Changing the game: The effects of cognitive load and brand prominence on covert advertising recognition
Paper presented at the AMA Marketing and Public Policy Conference (MPPC), Washington, D.C.
Abstract: The purpose of this study was to investigate the role of advertising format and cognitive load in shaping the effect of covert advertisements on participants advertising recognition and outcomes. In a 2 (advertisement format: advergame vs. video commercial) x 2 (brand prominence: low (Asus) vs. high (KFC)) between-subjects factorial experiment (N = 82), participants were asked to view and interact with a covert advertisement, and subsequently complete dependent measures. The findings indicate that high brand prominence appears to counteract the effects of the covert features associated with advergames in general, thus leading to higher advertising recognition scores. Conversely, low brand prominence in the context of advergames exacerbates consumers’ lack of recognition by reducing the number of brand or advertising related elements available for schematic retrieval and processing. These findings suggest that both advertising format and brand prominence can serve as cues that a message is advertising. We believe that the psychological mechanisms behind the effects of these two message characteristics are distinct and have implications for development of theory.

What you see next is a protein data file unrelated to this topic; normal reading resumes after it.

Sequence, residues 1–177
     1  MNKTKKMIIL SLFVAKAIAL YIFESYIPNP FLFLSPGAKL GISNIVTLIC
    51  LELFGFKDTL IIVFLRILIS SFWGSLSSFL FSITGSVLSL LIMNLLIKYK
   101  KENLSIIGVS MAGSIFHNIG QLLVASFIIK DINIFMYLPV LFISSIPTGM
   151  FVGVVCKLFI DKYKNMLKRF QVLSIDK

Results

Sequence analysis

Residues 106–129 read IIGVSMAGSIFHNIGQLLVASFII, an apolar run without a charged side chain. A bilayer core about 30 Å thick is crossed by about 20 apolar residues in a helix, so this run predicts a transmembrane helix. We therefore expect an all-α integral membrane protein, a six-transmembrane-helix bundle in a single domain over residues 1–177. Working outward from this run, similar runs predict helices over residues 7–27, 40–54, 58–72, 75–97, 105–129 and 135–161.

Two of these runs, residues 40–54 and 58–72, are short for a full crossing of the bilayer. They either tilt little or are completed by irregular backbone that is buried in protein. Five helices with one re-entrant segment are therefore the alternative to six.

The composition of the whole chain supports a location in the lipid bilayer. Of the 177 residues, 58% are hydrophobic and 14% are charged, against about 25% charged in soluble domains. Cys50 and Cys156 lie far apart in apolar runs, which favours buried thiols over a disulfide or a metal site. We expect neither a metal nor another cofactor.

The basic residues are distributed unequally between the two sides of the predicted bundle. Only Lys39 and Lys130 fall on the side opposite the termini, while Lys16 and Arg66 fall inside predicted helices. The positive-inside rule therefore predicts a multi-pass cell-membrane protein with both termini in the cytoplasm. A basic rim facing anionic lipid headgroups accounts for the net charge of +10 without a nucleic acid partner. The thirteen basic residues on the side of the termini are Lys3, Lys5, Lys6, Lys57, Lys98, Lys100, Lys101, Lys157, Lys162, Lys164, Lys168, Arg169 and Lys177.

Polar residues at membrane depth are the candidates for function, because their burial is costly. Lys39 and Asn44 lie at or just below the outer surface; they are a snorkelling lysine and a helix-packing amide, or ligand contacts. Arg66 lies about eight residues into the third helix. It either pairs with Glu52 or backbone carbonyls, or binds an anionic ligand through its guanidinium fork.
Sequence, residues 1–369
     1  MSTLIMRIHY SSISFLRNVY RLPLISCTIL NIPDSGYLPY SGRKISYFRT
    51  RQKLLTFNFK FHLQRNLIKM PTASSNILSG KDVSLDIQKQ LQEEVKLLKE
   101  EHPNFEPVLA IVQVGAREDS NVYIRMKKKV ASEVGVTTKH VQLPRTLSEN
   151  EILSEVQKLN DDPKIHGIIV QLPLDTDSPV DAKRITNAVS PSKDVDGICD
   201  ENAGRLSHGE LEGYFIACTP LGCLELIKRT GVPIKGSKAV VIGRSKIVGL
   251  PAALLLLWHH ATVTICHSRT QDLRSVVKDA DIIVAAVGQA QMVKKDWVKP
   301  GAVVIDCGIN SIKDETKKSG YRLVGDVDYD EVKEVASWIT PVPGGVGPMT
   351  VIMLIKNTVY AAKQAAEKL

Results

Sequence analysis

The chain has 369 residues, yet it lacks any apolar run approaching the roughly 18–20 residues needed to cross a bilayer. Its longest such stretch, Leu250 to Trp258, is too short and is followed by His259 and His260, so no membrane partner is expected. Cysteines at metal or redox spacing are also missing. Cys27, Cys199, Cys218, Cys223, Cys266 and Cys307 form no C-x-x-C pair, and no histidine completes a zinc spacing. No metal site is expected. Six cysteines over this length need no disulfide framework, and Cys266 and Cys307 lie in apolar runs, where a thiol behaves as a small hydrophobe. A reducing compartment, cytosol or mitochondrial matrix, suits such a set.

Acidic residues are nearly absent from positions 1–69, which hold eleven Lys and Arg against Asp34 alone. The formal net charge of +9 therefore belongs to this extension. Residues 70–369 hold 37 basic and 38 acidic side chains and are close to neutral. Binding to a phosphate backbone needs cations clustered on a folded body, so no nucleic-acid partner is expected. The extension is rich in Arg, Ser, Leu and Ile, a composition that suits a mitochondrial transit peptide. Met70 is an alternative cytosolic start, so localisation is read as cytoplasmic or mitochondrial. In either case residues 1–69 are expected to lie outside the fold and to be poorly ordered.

Getting a little too personal? Positive and negative effects of personalized advertising on online multitaskers
Abstract: Given the increasing number of personalized ads and the prevalence of media multitasking, understanding the impact of online privacy concern on ad outcomes is important. However, the interaction effects between […]